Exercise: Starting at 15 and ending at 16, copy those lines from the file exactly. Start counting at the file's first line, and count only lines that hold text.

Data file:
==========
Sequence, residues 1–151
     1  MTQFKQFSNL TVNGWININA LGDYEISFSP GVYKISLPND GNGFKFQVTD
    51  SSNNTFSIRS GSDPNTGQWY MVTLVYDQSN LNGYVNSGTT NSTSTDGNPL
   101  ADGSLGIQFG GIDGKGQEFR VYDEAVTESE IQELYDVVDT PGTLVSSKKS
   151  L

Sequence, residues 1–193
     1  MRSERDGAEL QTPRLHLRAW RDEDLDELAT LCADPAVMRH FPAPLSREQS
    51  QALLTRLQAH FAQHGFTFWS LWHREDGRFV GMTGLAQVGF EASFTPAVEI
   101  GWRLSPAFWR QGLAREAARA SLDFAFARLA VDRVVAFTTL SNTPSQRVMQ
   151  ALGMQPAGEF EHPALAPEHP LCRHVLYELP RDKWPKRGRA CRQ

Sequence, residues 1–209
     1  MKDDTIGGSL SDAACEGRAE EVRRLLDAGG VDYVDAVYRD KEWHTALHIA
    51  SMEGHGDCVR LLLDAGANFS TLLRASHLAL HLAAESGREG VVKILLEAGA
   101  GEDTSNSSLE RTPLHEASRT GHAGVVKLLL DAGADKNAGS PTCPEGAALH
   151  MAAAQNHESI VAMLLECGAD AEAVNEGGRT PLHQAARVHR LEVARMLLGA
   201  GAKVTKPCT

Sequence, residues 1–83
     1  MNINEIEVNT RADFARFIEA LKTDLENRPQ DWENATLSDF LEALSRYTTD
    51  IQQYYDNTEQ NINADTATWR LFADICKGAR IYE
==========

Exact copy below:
   151  MAAAQNHESI VAMLLECGAD AEAVNEGGRT PLHQAARVHR LEVARMLLGA
   201  GAKVTKPCT